A coordinated approach to the needs of struggling readers

Project Coordinate improves literacy instruction for students with reading challenges, including disabilities, by coordinating teachers into teams to share their knowledge, practice and strategies.

 Project title 
Project Coordinate

 Official grant name 
Project Coordinate: Increasing coordinated use of evidence-based practices for improving word study in an RTI framework for teams of 4th grade teachers

 Award amount 
$834,601

 Grant effective dates 
July 1, 2017June 30, 2022

 Principal investigator(s) 
Amber Benedict

 Originating sponsor 
U.S. Department of Education

 Direct sponsor 
University of Florida



The challenge

Interventions on behalf of students with learning disabilities are frequently applied and practiced apart from a student's classroom environment. A specialist in reading disabilities and challenges may see the student during a “pullout” period in their day, away from the student's classroom and primary teacher, to teach strategies for coping with the disability. A lack of coordination between the specialist and the classroom teacher in encouraging the student to apply the strategies within the classroom can result in less-than-optimal benefits for any interventions.



The approach

Amber Benedict is a co-principal investigator working in collaboration with Mary Brownell of the University of Florida in Project Coordinate, a professional development innovation funded by a $1.4 million grant from the  U.S. Department of Education and focused on improving the shared knowledge and skill of teams of 4th-grade general and special educators. Using Benedict’s 2014 dissertation, “Learning Together: Teachers' evolving understandings during ongoing collaborative professional development,” for the promise data, Project Coordinate is designed to improve literacy instruction for struggling readers, including students with disabilities. This is to be accomplished through two steps. First, teachers acquire knowledge of students with disabilities as learners, and of teaching multi-syllabic decoding, morphological awareness, and summarization through participation in interactive online content modules. Following each OCM, teams of teachers — two general educators and the special education co-teacher — integrate the newly acquired knowledge, practices and strategies into their daily instruction through weekly lesson study planning sessions. The lesson study process supports teachers in incorporating what they learn through the OCMs into their instructional repertoire while also providing a mechanism for feedback, analysis and improvement.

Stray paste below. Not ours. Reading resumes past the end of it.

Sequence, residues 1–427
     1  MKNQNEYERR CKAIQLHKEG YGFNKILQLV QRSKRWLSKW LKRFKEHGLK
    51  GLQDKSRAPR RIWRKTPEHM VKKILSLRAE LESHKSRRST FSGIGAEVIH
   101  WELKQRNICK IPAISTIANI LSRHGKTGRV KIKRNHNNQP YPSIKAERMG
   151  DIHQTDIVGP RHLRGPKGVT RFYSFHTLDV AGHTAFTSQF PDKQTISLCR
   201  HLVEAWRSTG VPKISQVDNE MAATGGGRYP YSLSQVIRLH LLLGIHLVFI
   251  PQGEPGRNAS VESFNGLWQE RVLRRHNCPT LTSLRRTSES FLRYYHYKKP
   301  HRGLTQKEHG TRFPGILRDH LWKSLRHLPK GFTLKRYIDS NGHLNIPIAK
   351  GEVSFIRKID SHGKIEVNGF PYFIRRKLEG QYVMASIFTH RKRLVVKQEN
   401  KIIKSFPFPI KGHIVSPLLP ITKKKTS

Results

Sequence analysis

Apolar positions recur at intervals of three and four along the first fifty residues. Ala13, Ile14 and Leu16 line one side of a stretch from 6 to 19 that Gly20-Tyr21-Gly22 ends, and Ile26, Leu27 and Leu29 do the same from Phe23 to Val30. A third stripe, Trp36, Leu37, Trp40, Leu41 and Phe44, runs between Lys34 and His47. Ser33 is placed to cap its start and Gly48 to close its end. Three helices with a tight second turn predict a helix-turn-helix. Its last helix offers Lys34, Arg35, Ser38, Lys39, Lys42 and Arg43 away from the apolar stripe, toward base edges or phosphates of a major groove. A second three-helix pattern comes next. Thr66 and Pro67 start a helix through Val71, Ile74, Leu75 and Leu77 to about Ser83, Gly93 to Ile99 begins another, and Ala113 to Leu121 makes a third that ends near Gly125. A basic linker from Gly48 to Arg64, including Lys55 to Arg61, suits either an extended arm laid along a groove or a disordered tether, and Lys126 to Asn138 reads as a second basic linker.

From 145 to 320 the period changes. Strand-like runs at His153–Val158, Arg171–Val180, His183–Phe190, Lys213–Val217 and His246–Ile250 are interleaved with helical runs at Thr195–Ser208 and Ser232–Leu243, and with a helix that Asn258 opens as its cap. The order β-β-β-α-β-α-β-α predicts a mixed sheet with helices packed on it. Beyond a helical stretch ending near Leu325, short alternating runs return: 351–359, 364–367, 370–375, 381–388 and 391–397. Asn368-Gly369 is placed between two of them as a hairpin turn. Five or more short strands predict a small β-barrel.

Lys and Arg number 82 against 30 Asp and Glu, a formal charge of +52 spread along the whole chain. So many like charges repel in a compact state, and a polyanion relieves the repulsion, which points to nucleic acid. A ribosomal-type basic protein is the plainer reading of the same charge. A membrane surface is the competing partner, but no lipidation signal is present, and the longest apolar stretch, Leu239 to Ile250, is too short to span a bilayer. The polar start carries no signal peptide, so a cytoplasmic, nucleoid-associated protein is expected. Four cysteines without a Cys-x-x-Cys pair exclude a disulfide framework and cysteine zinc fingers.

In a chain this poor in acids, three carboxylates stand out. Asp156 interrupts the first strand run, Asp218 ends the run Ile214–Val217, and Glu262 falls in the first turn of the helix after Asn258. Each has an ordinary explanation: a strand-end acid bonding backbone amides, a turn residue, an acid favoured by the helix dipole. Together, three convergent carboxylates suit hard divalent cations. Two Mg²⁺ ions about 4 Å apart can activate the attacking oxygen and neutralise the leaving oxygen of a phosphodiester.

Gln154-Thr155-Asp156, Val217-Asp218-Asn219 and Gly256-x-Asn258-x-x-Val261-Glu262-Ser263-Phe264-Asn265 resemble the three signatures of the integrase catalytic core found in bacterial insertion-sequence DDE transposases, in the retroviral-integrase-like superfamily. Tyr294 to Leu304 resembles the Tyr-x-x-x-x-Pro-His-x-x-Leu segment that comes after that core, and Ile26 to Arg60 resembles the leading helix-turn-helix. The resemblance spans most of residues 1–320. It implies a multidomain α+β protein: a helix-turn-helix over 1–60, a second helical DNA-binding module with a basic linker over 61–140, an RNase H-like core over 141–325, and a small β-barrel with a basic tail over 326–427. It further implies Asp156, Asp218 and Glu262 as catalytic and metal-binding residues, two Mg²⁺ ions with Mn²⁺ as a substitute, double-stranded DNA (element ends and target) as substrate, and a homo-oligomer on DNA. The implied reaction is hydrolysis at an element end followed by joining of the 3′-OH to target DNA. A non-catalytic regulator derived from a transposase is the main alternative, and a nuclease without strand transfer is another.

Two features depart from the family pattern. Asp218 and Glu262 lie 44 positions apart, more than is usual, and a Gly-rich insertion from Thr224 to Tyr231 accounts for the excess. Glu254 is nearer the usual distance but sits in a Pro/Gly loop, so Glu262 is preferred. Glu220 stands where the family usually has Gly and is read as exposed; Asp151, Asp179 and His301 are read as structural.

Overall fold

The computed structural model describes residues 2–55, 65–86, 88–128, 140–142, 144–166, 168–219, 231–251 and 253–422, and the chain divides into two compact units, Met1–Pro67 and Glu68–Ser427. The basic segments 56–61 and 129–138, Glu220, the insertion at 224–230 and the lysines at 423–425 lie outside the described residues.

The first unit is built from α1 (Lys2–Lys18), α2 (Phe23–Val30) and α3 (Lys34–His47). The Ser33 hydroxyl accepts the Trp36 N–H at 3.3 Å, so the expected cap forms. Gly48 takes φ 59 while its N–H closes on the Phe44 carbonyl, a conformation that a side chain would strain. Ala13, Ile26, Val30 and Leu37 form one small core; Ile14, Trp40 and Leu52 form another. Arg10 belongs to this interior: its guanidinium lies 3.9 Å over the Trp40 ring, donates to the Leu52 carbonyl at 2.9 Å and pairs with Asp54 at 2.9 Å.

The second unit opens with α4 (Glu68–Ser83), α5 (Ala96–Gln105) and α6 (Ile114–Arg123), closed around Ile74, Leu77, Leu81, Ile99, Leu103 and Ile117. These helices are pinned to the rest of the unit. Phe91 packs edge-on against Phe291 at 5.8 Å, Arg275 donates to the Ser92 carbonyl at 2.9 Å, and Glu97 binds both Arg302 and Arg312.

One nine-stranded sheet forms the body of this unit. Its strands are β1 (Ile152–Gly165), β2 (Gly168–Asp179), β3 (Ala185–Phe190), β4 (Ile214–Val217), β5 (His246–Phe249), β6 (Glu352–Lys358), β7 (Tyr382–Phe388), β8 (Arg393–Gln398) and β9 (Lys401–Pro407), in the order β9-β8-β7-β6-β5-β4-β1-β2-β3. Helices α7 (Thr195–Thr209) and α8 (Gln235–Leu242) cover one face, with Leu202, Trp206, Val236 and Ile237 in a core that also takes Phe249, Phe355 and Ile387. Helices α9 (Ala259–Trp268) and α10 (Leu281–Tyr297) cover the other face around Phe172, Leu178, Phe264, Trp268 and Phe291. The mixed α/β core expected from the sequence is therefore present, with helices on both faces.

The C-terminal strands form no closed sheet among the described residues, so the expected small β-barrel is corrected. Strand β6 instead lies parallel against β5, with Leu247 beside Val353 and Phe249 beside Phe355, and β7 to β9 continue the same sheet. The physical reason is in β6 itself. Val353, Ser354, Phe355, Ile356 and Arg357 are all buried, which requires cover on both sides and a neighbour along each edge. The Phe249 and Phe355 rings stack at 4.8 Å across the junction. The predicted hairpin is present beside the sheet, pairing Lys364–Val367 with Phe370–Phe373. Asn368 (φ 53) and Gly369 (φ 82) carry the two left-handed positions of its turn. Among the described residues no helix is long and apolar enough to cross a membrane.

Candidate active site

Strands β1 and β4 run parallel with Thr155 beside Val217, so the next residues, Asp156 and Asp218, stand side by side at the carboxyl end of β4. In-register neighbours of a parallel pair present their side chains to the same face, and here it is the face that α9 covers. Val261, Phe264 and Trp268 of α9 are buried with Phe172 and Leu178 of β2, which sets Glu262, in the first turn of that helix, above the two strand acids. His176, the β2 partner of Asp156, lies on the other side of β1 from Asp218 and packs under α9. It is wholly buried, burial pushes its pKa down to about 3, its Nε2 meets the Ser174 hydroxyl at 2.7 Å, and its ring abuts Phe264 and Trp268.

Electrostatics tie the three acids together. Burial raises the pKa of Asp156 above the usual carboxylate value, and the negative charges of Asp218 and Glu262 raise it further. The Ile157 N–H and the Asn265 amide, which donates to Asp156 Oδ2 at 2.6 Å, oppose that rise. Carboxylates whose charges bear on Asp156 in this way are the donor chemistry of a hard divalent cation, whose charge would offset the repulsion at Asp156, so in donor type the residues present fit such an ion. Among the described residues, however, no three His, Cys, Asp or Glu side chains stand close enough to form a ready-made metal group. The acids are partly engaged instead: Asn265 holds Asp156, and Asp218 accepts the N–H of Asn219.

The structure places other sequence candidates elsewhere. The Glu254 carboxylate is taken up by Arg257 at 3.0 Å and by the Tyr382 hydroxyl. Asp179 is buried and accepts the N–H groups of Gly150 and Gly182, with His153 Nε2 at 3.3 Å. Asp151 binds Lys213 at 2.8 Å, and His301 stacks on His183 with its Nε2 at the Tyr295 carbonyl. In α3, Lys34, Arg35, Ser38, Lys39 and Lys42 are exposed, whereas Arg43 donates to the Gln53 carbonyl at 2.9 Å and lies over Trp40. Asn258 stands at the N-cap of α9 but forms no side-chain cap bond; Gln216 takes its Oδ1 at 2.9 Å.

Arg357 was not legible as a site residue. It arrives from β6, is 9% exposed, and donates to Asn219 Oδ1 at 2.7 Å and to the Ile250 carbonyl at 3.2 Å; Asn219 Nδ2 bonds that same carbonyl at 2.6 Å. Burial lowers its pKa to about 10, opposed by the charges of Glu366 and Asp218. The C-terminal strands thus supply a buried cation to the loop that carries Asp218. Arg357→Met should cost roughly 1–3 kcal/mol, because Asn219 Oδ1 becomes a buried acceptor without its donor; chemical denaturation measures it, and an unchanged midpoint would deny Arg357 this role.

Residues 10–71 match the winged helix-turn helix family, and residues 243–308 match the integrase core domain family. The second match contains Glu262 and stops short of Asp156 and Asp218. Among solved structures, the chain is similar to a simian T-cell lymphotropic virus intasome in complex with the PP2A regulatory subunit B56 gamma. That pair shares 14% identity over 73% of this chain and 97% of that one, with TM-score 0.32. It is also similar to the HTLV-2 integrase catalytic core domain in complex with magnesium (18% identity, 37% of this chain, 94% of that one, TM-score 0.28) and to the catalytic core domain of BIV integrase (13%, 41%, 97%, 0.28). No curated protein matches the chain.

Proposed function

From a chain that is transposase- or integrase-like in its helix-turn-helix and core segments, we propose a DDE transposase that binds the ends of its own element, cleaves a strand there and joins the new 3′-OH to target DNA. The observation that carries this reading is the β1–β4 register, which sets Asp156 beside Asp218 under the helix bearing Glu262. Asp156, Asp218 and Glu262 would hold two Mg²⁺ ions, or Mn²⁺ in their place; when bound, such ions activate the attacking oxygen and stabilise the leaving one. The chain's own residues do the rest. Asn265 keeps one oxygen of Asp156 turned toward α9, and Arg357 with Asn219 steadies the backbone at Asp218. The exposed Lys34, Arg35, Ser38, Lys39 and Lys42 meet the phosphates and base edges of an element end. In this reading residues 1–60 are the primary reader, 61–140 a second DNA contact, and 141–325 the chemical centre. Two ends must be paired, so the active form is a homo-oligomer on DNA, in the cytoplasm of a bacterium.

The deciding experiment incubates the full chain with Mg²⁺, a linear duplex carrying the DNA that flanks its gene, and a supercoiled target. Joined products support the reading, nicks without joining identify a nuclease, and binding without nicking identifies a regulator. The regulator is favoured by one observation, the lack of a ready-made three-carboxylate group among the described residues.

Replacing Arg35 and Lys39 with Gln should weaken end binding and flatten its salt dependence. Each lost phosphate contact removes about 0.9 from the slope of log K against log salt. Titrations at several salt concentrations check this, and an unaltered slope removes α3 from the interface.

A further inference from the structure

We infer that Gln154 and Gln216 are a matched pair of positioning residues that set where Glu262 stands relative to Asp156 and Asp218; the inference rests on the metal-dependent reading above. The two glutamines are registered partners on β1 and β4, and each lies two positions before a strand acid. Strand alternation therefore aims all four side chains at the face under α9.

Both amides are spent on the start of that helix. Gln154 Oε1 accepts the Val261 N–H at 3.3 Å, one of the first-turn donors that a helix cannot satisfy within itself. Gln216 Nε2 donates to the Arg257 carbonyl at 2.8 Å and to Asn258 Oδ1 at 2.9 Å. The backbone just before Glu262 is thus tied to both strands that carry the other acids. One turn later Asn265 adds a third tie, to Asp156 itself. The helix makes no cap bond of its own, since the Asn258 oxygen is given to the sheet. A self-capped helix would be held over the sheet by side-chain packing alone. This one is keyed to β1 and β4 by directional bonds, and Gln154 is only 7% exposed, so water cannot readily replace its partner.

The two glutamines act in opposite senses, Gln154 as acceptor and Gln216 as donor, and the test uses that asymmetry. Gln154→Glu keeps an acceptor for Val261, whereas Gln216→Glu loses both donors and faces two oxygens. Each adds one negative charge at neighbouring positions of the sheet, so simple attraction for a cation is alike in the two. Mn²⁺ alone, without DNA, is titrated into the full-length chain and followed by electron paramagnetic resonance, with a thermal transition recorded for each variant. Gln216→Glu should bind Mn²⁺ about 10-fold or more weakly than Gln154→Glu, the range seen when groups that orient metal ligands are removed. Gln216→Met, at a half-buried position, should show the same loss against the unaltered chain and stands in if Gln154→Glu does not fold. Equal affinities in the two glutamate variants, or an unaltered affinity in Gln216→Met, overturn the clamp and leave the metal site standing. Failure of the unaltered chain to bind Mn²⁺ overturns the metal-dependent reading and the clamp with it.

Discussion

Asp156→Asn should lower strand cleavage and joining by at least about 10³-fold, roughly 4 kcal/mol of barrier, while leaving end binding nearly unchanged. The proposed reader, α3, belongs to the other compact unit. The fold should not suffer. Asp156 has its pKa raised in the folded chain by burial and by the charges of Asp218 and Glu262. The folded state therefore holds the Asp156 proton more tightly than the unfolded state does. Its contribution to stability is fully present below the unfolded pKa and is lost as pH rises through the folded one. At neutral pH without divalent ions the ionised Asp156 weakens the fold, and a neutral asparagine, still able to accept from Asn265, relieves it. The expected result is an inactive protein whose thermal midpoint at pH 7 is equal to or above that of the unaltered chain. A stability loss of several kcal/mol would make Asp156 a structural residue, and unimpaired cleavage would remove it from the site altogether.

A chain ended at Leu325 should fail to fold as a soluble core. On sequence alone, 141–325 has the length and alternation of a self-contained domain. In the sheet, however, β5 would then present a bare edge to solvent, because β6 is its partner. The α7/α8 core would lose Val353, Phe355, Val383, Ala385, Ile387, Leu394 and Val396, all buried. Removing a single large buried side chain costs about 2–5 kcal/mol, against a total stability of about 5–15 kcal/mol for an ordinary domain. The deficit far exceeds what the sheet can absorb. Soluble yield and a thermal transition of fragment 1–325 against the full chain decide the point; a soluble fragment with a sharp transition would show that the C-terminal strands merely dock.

Findings & impact

This multi-year project has been using design-based research to study the impact of Project Coordinate on teacher knowledge, teacher practices and student achievement with teachers and learnings in Northeast Florida and the Southwest. Funding began in July 2017 and continues through June 2022. The products of this project include a fully developed professional development program that improves teachers' implementation of coordinated, evidence-based instruction and student outcomes, as well as peer-reviewed publications and presentations. In fall 2021 the investigators will implement a random-control trial testing Project Coordinate's impact on teaching and learning.